Thursday, July 7, 2016

Summer Reading for 8-12 year-olds



 Summer holidays have come round again with parents wondering what would be the most useful way for children to spend the time. I strongly recommend that they should read for pleasure, as this has been shown to improve performance, not only in reading, but also in math. See my blog post of July 2012 SummerReading - Some Surprising Findings 
The challenge in Jamaica is to select appropriate titles, other than Enid Blyton books, Nancy Drew and Hardy Boys. I have already written blog posts with lists of books, namely Books by JamaicanAuthors, Books from Africa and 1000 Black Girl Books. For books by other Caribbean authors see Anansesem online bookstore.
Here now, in alphabetical order of authors, is a list of 30 books for girls from a list of over 200 chosen by students at   Center for Teaching and Learning (CTL) Edgecomb, Maine. (I started with girls’ books after I was dismayed by the 3 ‘literature’ books, which included Steinbeck's 'Of Mice and Men', listed on a high school booklist.) However, boys like many of these books, too. All books are available on Amazon. Most of the authors have written several books - check them out.
L stands for lexile – a measure of ease of reading – the lower the lexile, the easier the book.



1 Agell, Charlotte    Welcome Home or Someplace Like It 
2 Bowler, Tim    Storm Catchers L560 A scary book set in the UK, liked by boys also.
3 Brashares, Ann    The Sisterhood of the Traveling Pants trilogy
4 Carman, Patrick  Thirteen Days to Midnight L760
5 Choldenko, Gennifer   Al Capone Does My Shirts L600 Set in the notorious prison, Alcatraz, where the protagonist's father worked.
6 Colfer, Chris    Land of Stories Refers to familiar fairy tales. 
7 Creech, Sharon    Walk Two Moons L770 13-year-old girl searches for truth about her missing mother.
8 Funke, Cornelia    Inkheart L780 The characters come out of the pages of a book.
9 Giff, Patricia Reilly    Wild Girl L640 A horse story from Brazil to New York.
10 Grimes, Nikki    The Road to Paris L700  Paris is the name of the brown girl protagonist in a white foster home.
11 Hale, Dean    Calamity Jack L560 Sci Fi, Fantasy, Fairy Tales and Folklore.
12 Hale, Shannon  Princess Academy Girls from a mountain village prepare for a prince to choose one of them as his bride. Surprising twist at the end.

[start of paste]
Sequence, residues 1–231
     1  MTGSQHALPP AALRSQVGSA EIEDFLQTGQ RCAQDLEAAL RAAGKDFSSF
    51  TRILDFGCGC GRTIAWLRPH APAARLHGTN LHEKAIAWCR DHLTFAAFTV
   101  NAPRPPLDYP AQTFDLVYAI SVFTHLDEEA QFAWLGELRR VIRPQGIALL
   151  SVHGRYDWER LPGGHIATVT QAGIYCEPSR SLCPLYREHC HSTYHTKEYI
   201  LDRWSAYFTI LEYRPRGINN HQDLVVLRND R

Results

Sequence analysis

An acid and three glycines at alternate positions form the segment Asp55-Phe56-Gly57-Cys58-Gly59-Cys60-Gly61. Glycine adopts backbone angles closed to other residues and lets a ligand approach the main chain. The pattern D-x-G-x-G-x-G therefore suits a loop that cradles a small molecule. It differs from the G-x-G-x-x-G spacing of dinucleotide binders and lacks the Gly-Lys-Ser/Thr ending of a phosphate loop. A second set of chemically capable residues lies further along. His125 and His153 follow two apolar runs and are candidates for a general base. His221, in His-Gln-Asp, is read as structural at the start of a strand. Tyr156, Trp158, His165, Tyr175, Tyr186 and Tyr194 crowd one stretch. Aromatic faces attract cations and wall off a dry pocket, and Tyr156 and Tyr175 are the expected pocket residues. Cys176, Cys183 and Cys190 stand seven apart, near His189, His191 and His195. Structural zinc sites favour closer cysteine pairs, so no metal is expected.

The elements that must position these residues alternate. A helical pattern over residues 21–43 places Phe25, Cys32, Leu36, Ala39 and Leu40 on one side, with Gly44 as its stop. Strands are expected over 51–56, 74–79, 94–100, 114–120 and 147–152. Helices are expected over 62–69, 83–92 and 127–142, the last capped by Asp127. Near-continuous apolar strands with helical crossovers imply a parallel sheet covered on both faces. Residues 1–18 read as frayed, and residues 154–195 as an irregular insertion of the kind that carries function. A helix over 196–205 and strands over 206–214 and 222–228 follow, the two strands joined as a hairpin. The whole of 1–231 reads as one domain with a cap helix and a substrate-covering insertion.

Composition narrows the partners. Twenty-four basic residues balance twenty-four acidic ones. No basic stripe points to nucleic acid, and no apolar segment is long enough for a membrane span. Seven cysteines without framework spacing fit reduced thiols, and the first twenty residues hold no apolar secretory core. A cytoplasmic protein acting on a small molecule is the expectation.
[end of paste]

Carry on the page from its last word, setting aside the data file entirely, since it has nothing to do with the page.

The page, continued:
13 Hiassen, Carl    Flush and Hoot Fast-paced detective stories related to environmental breaches in Florida.
14 Hobbs, Will    Jackie's Wild Seattle L660 Adventure related to wild-life rescue. 
15 Holm, Jennifer    Turtle in Paradise L610 Set in the Great Depression, Turtle (11-year-old girl) is sent to live with relatives in Florida.

16 Hunt, Lynda Mullaly    Fish in a Tree L550 A story about dyslexia
17 Lord, Cynthia    Rules The challenges of living with a brother with autism.
18 Lowry, Lois    Number the Stars L670 Smuggling Jews out of 1940's Denmark.
19 Magoon, Kekla    The Rock and the River About the Civil Rights Movement.
20 Myers, Walter Dean   Monster a teenage boy in juvenile detention and on trial.
21 O'Dell, Scott    Island of the Blue Dolphins Survival story of a girl alone on a deserted island.
22 Park, Linda Sue    A Long Walk to Water Set in the Sudan, with references to The Lost Boys of Sudan
23 Patterson, Katherine    Lyddie A story of personal determination and growth, set in textile mills in USA
24 Riordan, Rick    The Lightning Thief  L470 Fantasy related to Greek Mythology. There is also a graphic (comic-style) version.
25 Ryan, Pam Munoz Esperanza Rising L750 A riches to rags story.
26 Sachar, Louis    Holes L660 Stanley wrongly sent to a boys' detention centre and unravels a mystery.
27 Watkins, Yoko Kawashima    So Far from the Bamboo Grove About a Japanese family escaping from Korea at the end of WW2
28 Woodson, Jacqueline    Feathers L710 takes readers on a journey into a young girl’s heart and reveals the pain and the joy of learning to look beneath the surface.
29 Yousafzai, Malala    I Am Malala Story of Pakistani girl who survived the attempt to murder her because she wanted an education.
30 Zhang, Kat    What's Left of Me Fantasy - people are normally born with 2 souls, 1 of which dies. What happens when both survive?

Tuesday, June 7, 2016

Launch of Ellen Pearl Outreach Children’s Charity (EPOCC)

A children’s charity with a difference was launched on Friday, May 27, 2016 at the UWI Western Campus. The Ellen Pearl Outreach will be the medium through which children in need of help can telephone a trained counsellor to talk about their problems. At the launch, its founder, Mrs. Beverley Chung spoke about its inception, and Dr. Pearnel Bell told us how it will work in Jamaica. Stakeholder groups brought greetings and children entertained with song and poetry. The keynote address was given by Juliet Holness, MP for St Andrew East Rural, graciously standing in at short notice for The Hon. Marlene Malahoo Forte Q.C., MP, who was indisposed.
     After delivering her opening remarks, Joy Crooks, Nurse Administrator at CUMI invited Rev. Lenworth N Anglin to lead us in prayer, followed by greetings from stakeholder groups.